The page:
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We have 4 different environments at the moment (Lab, Test, Stage, LIVE) and we have implemented automatic deployment using Nant/CC.Net. I am investigating and doing some research as to what can be done more efficiently with new MSDeploy tool.

What I want to achieve is to create a package with a Configuration folder inside which we will have all the different configuration files for all the possible environments (basically adding all config transform files)

What I want to achieve is automatic deployment in our enterprise environment where development team hasn't got any access to the server where it is going to be deployed. We just need to hand over the deployment package with predefined instruction to how to install the package.

What's the best approach you can think of. WE ARE NOT USING TFS and don't want the automatic build process to be dependent on any process as such except MSDeploy or something which is easy to replace. Thinking of using MSBuild too.

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Have a look at the solved implementation below –  DotNetInfo Jun 20 '11 at 1:08

3 Answers 3

up vote 8 down vote accepted

You can achieve it using below solution. In between, I got the guidance from ONE OF THE BEST BOOK I HAVE READ IN LONG LONG TIME. Book is "Inside the Microsoft Build Engine" written by Sayed Ibrahim Hashimi and William Bartholomew. Book goes through the detail in excellent way.

Create a msbuild proj file as shown below

<?xml version="1.0" encoding="utf-8"?>

<Project xmlns="http://schemas.microsoft.com/developer/msbuild/2003" ToolsVersion="4.0" DefaultTargets="TransformAll">

  <UsingTask TaskName="TransformXml"  AssemblyFile="$(MSBuildExtensionsPath)\Microsoft\VisualStudio\v10.0\Web\Microsoft.Web.Publishing.Tasks.dll"/>

  <PropertyGroup>
    <DestDirectory>C:\Temp\DeployPackage\TRANSFORM_CONFIGS\</DestDirectory>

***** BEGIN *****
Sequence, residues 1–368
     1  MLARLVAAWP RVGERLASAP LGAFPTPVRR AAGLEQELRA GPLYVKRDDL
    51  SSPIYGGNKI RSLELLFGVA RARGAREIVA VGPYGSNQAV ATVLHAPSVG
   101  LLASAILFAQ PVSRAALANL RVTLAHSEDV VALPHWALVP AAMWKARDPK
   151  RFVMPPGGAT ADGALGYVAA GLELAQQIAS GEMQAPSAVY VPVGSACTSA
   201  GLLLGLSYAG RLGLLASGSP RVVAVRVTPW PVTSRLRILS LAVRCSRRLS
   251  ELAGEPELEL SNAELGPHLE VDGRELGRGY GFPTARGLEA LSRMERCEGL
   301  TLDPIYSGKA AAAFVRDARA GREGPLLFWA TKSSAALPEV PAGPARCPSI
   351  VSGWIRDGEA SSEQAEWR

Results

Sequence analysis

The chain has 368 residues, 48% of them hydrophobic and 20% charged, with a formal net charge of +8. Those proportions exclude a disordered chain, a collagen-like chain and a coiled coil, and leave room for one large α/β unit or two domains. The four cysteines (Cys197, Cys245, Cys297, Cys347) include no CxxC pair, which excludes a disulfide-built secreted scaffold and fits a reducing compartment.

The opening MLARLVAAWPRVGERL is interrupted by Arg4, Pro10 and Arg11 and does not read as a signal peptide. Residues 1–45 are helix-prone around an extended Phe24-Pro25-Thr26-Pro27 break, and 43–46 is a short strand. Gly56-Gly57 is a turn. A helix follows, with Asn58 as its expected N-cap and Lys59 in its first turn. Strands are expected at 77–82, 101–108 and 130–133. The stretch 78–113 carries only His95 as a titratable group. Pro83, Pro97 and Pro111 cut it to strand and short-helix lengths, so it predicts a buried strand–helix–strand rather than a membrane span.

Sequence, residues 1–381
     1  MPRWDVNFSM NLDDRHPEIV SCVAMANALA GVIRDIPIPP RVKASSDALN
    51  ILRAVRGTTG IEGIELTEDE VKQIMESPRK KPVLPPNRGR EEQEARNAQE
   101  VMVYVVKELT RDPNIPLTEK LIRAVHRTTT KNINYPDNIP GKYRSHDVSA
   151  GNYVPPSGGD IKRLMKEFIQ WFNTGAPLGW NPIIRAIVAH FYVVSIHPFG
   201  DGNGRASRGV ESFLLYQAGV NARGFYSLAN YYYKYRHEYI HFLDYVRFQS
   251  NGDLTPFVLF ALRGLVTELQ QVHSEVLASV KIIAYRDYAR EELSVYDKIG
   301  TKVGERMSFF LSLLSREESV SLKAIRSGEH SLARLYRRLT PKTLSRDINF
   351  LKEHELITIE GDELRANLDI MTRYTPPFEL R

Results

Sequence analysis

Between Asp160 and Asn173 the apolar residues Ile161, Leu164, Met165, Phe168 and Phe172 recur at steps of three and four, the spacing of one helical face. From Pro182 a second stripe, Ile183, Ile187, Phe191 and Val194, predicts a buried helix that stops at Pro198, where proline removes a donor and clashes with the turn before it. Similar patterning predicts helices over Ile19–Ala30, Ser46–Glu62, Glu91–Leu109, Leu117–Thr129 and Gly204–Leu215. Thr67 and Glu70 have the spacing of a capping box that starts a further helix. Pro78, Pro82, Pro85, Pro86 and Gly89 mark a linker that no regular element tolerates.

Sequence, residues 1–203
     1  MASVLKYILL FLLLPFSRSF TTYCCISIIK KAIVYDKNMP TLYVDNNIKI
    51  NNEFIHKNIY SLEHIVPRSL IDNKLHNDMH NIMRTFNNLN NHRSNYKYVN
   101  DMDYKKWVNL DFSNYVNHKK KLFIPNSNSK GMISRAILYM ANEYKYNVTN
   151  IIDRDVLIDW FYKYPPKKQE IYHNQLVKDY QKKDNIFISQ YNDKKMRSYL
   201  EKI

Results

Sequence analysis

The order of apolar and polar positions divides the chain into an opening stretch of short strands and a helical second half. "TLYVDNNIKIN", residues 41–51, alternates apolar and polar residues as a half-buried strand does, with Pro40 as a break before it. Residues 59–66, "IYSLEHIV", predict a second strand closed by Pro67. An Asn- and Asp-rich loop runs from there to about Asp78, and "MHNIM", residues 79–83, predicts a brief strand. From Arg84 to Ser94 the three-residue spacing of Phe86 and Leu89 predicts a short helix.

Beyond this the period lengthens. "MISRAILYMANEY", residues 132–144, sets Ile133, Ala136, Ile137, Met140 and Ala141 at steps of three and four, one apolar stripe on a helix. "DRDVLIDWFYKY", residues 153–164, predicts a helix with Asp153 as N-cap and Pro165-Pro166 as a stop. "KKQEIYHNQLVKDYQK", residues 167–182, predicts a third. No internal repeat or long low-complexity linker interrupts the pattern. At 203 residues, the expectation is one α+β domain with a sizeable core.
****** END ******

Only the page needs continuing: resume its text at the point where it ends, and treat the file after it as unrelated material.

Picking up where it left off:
</PropertyGroup>

  <ItemGroup>
    <TransformFiles Include="$(FilesToTransform)"/>
  </ItemGroup>

  <Target Name="TransformAll" DependsOnTargets="ValidateSettings">
    <MakeDir Directories="$(DestDirectory)"/>
    <TransformXml Source="..\web.config"
                  Transform="%(TransformFiles.Identity)"
                  Destination="@(TransformFiles->'$(DestDirectory)%(Filename).transformed.config')" />
  </Target>

  <Target Name="ValidateSettings">
    <Error Text="FilesToTransform cannot be empty"
           Condition=" '$(FilesToTransform)'=='' "/>
    <Error Text="Couldn't find transform file at [%(TransformFiles.Fullpath)]"
           Condition =" !Exists('%(TransformFiles.Fullpath)') "/>
  </Target>

</Project>

After adding the above proj file and adding your environment specific files in a folder, simply run the below through msbuild accessible command line

msbuild transform.proj /t:TransformAll /p:FilesToTransform="Lab.config;Test.config;Live.config"

Hope this helps. Don't forget to buy/refer "Inside teh Microsoft Build Engine" book.

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Hey thanks for the compliment regarding the book. I'm glad you found it helpful. –  Sayed Ibrahim Hashimi Jul 1 '11 at 6:06
    
My pleasure and man, you got great insight into build engine and really appreciate your effort in knowledge sharing. BOOK IS EXCELLENT –  DotNetInfo Jul 1 '11 at 12:11
    
I'm not positive, but you might need to use MSBuildExtensionsPath32 in a 64-bit environment. –  TrueWill Mar 28 '12 at 22:29

One possibility would be to customize the installer so the first dialog it displays lets the user choose the environment they are installing to. Based on that decision, the appropriate file would be copied to the install directory and renamed.

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I am not going to use any form of installer to deploy the files. Basically I am targeting the process to be creating a package [with Config folder & stage.config, test.config, production.config files inside]. –  DotNetInfo Jun 16 '11 at 23:05

I am not 100% sure what you are looking for.

Do you want to have a root config file, that is updated from a "master" file containing all the environment specific settings? You should take a look at XmlPreProcessor http://xmlpreprocess.sourceforge.net/

In addition to Pedro's comment, you could also put a registry key on all your servers, stating what environment, the server belongs to. If you do a fully scripted deployment, the package will pick up the environment from that registry key, and produce the correct configuration for that environment. Saves the human step of choosing environment.

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I am not going to use any form of installer to deploy the files. Basically I am targeting the process to be creating a package [with Config folder & stage.config, test.config, production.config files inside]. I guess I should achieve my task today and will post the answer soon –  DotNetInfo Jun 16 '11 at 23:06

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